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The New York designer creating jewellery for the modern wardrobe

“Elegant, modern, creative and never too precious to wear. That’s the motto of this company”, says Nina Runsdorf, the horse-riding farm girl come Upper East Side jewellery designer best known for her iconic Flip Ring, and use of Slice Diamonds.

Effortlessly chic, and filled with curiosities, Runsdorf’s salon feels like an extension of her home. Her private art collection, which showcases the likes of Enoc Perez and Misha Kahn, creates the perfect backdrop to her jewellery which is designed for a modern lifestyle.

Here Runsdorf talks to us about her love of antiques, accessorising and inclusivity.

camera Nina Runsdorf in her salon

camera Diamond slice earrings

How did you get into jewellery?

I grew up on a farm in upstate New York. We were allowed half an hour of television a day and there were only two stations we could get on the farm so I spent my days horseback riding – competing very seriously. In the evenings there was nothing to do so I would sit around pulling pages from fashion magazines. My mother realised I was creative so set up a jewellery bench in the kitchen when I was eleven and I started making pieces in silver.

camera Nina Runsdorf wearing wearing flip rings and tassel earrings

camera Flip Ring in 18k rose gold, diamonds and smokey topaz

Why did you decide to launch your own line?

I didn’t set out with that intention. I was looking for something for myself that was precious, yet casual enough to wear everyday; something I could wear with my jeans and cowboy boots or a ballgown. When I couldn’t find what I wanted, I created it. That’s when the first Flip Ring was born. I took a rose cut diamond and created a setting that would allow the diamond to move and catch the light. I’ve been wearing it for many years, without it I feel like something is missing.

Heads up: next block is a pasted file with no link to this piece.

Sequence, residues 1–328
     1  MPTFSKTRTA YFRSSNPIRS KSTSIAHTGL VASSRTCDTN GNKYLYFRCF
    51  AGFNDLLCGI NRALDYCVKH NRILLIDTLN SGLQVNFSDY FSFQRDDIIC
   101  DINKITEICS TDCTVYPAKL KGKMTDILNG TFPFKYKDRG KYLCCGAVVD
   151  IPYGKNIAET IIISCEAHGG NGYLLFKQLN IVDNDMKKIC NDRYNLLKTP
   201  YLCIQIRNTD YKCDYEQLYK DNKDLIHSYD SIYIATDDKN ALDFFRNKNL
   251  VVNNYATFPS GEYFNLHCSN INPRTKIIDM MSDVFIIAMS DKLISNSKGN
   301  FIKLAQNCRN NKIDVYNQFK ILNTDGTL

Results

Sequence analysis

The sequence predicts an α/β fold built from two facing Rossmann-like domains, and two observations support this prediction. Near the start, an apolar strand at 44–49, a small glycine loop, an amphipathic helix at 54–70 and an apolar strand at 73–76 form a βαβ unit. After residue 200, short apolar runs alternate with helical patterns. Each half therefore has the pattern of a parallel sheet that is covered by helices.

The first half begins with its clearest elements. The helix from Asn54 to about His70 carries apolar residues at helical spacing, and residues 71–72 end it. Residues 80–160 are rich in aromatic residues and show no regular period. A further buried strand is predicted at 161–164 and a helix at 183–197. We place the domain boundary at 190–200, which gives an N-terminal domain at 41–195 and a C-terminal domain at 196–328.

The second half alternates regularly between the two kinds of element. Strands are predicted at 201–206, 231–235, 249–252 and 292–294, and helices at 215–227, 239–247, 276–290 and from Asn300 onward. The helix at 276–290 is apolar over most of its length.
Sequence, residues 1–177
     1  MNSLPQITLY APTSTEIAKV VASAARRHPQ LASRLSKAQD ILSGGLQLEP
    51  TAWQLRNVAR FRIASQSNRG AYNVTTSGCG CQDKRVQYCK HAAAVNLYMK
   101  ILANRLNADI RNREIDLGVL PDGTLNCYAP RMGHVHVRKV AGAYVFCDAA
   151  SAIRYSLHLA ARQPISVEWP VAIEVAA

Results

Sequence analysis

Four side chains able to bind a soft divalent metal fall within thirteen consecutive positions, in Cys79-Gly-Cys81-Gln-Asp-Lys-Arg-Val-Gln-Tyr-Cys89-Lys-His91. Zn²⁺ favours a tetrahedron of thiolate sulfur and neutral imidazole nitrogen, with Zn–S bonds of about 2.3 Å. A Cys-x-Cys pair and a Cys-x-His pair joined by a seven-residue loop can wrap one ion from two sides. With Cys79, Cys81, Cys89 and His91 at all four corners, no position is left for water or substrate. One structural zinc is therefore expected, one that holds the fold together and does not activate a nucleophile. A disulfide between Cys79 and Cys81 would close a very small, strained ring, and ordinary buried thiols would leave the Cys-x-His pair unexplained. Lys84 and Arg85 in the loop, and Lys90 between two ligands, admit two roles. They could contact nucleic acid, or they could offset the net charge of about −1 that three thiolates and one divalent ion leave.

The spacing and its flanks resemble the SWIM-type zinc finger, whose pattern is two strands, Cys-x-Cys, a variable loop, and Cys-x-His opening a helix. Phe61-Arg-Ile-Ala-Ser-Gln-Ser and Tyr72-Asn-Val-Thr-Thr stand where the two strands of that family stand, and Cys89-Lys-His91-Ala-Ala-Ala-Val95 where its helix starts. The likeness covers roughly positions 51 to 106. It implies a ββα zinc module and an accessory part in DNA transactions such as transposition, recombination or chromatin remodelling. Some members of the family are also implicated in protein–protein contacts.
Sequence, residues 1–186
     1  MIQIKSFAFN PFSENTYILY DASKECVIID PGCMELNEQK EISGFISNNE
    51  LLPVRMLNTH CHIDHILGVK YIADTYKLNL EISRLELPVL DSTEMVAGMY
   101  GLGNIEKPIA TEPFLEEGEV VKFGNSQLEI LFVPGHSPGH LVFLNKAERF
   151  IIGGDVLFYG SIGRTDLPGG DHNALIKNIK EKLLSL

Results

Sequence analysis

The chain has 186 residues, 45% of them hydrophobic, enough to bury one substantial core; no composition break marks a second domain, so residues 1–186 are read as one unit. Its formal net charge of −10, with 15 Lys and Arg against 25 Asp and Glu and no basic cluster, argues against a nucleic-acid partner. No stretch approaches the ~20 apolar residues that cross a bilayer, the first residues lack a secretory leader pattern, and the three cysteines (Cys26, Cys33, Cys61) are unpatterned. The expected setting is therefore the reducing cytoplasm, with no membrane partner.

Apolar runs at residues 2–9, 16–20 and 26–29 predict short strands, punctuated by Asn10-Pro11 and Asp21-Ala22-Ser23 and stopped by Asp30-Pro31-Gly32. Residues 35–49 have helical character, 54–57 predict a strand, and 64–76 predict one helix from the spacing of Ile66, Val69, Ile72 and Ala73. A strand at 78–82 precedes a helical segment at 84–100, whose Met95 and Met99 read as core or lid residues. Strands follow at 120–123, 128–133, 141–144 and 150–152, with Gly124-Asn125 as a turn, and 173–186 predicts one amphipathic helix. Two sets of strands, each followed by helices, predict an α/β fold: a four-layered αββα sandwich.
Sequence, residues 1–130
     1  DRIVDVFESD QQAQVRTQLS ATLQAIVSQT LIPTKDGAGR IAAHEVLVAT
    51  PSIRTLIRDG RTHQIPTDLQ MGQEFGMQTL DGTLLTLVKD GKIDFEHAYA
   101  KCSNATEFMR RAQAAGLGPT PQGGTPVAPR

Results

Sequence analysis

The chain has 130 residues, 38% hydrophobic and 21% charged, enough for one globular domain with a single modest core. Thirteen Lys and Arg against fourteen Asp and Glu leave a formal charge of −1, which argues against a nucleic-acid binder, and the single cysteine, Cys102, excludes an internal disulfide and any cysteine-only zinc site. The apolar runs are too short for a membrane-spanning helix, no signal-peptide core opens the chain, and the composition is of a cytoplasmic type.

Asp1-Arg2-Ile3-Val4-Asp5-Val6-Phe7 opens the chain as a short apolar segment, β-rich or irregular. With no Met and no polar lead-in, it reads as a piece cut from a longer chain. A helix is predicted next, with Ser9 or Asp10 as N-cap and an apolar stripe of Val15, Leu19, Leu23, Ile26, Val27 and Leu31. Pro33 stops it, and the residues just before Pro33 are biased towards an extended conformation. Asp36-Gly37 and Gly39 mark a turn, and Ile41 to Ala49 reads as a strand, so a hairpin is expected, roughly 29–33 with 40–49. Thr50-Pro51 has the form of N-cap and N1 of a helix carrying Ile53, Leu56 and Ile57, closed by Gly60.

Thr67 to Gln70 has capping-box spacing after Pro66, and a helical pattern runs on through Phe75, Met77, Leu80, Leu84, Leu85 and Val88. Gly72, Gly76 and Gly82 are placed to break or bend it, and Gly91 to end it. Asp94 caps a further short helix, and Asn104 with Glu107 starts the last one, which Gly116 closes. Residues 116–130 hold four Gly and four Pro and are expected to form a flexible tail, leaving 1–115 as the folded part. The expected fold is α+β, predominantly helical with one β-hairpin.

And it just took off from there?

I wore it everywhere and people kept asking if they could buy one. The Flip Ring is such a good design – they are for any age – my daughters who are in their 20’s wear them and so does my 85-year-old mother.

Where do you get your inspiration from?

I’m fascinated by how other people live and what they believe in. When I was riding I met people from all over the world and my parents always filled the house with interesting people. We learnt to treat all people equally. It’s so important to be inclusive and get to know people. When I am designing a bespoke piece, I want it to encapsulate much more than the client’s style – pets, children, passions are all important too.

What’s your design process?

I start by sourcing gemstones – I choose them for their energy, how they make me feel. I then create rough sketches, placing the stones on the paper as I draw. Once I have the design, I sit with my jewellers, who know my aesthetic well and make the designs a reality.

Let’s talk about the diamond slices.

The first pair of diamond slices I saw, I didn’t know what they were. No one was using them in jewellery at the time. I brought some back to New York and made a few things for the launch of my first collection in 2005. We did not sell one piece.

Then a very sophisticated client, a woman who had everything, saw them in a show room and said ‘I want those’. She liked the idea that she could walk into a room and no one would know what they were. After that they became a huge success. Our latest collection mixes Slice Diamonds with pops of enamel colour called the Phoenix, it celebrates them as a signature of our brand.

How would you describe the way you style your jewellery?

I’m a lover of accessories. Clothes are the canvas, and the accessories – the jewels, the handbag, the shoes are the expression. Great style has to be effortless. When you wear a piece of jewellery it should become a part of who you are.

What are your favourite pieces?

Aside from my flip ring, I wear a Tiffany & co watch my late husband’s family gave to me for my engagement present in 1991. The other thing I’ve worn every day for the last seven years is a Turkish charm bracelet with a 13th century coin and an evil eye. I love antique pieces for their personality.

What does jewellery mean to you?

Jewellery is about emotion. When someone wears it there is a personal connection. My job is to create pieces that stir emotion in my clients.